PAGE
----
Hold the Champagne corks until your property contract turns from exchanged to completed. Exchange of contracts is usually celebrated by everyone involved in a property transaction. It's widely considered as the time when the professionals involved can sit back, safe in the knowledge the transaction is secure. But in a downward turning market, people's circumstances can change; the withdrawal of funding, redundancy, a related transaction falling through. The effect is singular. The purchaser wants or needs to withdraw. The parties involved inevitably ask, "What can be done?" Dealing with the Unexpected An obvious initial step is to draw the purchaser's attention to the serious repercussions of withdrawal. In the short term, the purchaser's failure to complete the purchase will in the majority of cases result in forfeiture of the deposit. Although theoretically the courts can order the Vendor to return the deposit if it is fitting to do so (S.49(2) of the Law of Property Act 1925), in practice, they will only do so in exceptional circumstances, because the purchaser alone is at fault. In the longer term, the vendor may also seek to recover other losses from the purchaser. These are discussed below, and the risk of exposure to such claims should also be brought to the purchaser's attention. Cutting the Vendor's Losses If the purchaser still cannot or will not proceed with the purchase, the Property should be remarketed immediately at its current market value. The rationale for this is that the courts will expect the vendor to take immediate steps to minimise their losses. Provided that the vendor minimises his losses, any loss of profit involved in reselling the property at a lower price will potentially be recoverable from the purchaser. Recovering the Vendor's Losses Is the purchaser financially worth pursuing? If not, the best advice (for now) is to go no further. If however the purchaser is a financially viable target, the vendor should actively seek recovery of their losses from the purchaser through the civil court system. Generally, a vendor has two possible remedies against a purchaser who won't complete. The court will decide which remedy is more appropriate in the circumstances. Firstly, the court can order that the sale proceed. However, the court will not do so if the property has already been resold, and are unlikely do so if the purchaser is financially incapable of proceeding. Alternatively, the court can order the purchaser to pay adequate compensation to the vendor. Generally, the court's approach to compensation is that it should put the vendor in as nearly as may be the same position as they would have been if the sale had gone ahead as planned. The effect of this approach is that the vendor can expect to be compensated for any losses that were reasonably foreseeable as a result of the purchaser's withdrawal. If the property has been resold, the compensation will likely include at least a proportion of the legal and other professional costs connected with the court proceedings and resale, some or all of the adverse difference between the two sale prices and any interest payable under any related contract (e.g. a related property purchase). If the property hasn't been resold, the question of compensation may be deferred until the property is sold, or reasoned estimates for these losses made with the help of expert guidance. With the reduced availability of credit in the current market, it is inevitable that a small percentage of transactions will fail. Nevertheless, potential problems can be minimised if the financial status of prospective purchasers is vetted at an early stage –well before the parties involved exchange contracts and release the champagne corks. If you would like to talk to one of specialists to discuss the above in greater detail, simply call 01245 228111 and ask to speak to one of our experts.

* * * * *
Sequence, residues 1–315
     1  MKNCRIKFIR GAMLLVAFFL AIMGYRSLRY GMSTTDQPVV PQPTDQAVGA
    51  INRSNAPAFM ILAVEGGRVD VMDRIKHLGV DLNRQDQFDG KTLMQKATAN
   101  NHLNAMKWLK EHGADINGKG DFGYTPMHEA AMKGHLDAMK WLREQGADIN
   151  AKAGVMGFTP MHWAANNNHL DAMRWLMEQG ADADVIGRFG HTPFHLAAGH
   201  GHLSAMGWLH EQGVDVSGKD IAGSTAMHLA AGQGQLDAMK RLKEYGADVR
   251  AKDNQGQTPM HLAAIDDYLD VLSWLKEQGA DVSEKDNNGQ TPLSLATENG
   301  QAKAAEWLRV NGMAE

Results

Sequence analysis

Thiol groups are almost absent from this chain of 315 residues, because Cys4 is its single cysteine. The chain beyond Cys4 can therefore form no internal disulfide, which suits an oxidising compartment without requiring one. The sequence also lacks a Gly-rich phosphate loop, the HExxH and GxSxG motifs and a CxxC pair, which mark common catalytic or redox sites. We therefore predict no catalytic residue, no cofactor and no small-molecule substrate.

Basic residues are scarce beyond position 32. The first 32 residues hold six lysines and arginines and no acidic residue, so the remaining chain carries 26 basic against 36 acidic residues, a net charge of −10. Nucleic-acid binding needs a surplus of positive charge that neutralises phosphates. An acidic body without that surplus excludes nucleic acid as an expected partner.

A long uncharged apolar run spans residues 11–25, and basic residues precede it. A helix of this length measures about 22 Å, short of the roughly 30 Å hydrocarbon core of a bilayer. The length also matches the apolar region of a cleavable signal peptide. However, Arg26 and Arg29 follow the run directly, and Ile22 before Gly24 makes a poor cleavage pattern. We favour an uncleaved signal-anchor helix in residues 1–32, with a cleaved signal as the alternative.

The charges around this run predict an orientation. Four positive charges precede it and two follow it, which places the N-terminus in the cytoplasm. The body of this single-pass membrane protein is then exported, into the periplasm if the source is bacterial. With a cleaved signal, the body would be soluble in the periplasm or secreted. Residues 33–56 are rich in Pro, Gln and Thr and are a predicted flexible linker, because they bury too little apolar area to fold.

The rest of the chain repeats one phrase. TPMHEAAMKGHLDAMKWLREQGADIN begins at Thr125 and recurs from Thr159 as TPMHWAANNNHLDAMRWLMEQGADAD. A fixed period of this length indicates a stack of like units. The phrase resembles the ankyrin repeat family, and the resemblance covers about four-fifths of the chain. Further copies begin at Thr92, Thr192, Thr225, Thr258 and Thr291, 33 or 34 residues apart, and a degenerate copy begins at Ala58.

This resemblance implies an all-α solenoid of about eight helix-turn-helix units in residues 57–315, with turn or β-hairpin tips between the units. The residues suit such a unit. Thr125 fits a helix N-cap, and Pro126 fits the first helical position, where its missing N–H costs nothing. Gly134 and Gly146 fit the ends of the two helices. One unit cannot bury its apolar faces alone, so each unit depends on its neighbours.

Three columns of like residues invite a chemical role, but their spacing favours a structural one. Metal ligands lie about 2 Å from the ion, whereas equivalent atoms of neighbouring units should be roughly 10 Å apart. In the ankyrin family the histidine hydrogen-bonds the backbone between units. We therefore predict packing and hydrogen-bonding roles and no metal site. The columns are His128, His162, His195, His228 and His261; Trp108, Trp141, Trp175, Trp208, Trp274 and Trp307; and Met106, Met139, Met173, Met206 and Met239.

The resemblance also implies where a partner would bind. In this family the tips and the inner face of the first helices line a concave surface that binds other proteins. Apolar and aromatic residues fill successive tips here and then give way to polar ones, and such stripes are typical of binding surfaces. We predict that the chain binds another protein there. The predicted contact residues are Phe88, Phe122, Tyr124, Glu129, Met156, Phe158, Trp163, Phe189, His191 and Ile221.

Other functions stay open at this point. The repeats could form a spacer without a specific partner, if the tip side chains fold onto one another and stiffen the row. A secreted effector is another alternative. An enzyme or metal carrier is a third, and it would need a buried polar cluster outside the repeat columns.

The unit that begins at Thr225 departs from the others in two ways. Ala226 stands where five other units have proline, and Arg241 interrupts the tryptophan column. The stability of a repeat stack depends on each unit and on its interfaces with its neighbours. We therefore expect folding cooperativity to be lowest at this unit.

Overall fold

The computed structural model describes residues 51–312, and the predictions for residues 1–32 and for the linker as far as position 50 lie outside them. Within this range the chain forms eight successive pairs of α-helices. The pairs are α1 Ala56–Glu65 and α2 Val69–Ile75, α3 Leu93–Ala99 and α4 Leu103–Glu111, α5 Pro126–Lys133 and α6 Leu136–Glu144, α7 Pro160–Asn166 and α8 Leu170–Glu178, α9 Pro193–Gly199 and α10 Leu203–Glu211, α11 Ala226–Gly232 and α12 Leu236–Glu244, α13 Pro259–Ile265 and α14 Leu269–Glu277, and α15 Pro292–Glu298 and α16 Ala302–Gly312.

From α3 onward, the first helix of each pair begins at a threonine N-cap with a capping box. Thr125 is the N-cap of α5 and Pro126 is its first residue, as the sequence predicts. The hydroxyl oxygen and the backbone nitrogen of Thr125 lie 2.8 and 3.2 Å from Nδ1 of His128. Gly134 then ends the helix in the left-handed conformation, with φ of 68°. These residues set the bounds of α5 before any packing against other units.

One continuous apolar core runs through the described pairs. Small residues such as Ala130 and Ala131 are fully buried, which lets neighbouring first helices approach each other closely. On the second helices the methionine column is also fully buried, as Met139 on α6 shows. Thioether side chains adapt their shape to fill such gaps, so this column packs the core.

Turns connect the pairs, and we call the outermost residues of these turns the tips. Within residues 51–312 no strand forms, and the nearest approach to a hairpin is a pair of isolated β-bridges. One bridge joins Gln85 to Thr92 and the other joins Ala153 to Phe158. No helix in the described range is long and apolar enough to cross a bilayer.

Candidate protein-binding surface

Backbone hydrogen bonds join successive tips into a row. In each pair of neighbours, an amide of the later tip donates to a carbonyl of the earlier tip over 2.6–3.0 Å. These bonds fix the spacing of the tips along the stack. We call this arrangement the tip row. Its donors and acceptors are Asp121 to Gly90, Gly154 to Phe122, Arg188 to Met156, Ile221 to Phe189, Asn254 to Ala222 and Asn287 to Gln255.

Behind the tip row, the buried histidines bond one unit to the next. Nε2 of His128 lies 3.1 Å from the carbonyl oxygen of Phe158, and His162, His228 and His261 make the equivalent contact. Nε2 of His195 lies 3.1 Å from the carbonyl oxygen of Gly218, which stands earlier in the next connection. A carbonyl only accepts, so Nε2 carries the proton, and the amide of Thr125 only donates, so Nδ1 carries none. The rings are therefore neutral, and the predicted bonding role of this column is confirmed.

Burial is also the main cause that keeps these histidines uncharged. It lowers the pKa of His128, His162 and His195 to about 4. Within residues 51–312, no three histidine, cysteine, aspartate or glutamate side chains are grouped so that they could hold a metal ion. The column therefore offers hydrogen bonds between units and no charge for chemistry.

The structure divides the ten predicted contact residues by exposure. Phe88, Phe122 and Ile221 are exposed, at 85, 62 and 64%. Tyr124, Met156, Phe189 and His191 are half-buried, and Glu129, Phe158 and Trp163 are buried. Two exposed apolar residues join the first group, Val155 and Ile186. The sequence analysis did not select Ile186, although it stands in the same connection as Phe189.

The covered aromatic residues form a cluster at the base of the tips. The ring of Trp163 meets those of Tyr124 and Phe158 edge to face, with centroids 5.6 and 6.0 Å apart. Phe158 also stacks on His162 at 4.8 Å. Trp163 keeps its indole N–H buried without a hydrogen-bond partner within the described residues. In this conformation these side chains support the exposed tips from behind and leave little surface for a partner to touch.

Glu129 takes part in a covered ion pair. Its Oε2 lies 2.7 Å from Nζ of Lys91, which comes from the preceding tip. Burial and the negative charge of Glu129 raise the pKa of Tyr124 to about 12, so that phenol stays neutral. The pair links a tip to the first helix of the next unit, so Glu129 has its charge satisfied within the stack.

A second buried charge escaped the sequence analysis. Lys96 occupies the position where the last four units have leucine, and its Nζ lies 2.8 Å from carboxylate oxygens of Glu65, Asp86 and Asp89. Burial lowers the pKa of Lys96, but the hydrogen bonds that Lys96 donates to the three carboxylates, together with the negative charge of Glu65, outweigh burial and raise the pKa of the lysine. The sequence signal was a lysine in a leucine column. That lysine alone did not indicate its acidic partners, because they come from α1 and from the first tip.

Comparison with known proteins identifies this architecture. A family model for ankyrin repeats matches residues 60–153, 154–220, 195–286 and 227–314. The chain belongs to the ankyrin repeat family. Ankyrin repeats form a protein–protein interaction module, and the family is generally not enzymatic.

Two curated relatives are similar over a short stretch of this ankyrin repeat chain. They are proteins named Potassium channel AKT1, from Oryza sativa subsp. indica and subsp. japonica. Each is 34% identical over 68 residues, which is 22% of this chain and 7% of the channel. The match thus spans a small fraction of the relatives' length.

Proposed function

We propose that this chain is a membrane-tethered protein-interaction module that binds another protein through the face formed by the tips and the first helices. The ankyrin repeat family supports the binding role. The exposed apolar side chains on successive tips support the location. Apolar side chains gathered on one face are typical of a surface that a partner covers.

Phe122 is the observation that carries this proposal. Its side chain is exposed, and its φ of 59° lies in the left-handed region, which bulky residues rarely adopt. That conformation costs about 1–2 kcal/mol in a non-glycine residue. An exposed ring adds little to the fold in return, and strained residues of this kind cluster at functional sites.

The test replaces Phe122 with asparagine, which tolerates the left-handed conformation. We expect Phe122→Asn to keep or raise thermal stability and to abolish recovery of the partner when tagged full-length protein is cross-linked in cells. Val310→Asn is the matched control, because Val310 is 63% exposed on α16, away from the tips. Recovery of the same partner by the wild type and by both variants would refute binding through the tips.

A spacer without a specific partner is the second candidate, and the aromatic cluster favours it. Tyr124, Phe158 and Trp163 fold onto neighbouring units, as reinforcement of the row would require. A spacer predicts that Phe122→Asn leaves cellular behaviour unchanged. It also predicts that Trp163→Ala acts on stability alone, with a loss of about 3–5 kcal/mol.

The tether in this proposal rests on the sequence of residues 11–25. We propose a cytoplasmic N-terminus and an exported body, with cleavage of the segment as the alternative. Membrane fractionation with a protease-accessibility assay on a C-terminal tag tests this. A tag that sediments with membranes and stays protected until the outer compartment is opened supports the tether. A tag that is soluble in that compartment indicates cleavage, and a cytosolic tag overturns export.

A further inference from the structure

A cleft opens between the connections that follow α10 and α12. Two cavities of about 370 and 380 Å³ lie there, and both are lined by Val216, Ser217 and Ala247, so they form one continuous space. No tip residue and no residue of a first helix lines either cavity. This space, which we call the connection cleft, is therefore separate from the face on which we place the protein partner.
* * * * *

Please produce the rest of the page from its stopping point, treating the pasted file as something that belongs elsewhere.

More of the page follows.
Hold the Champagne corks until your property contract turns from exchanged to completed.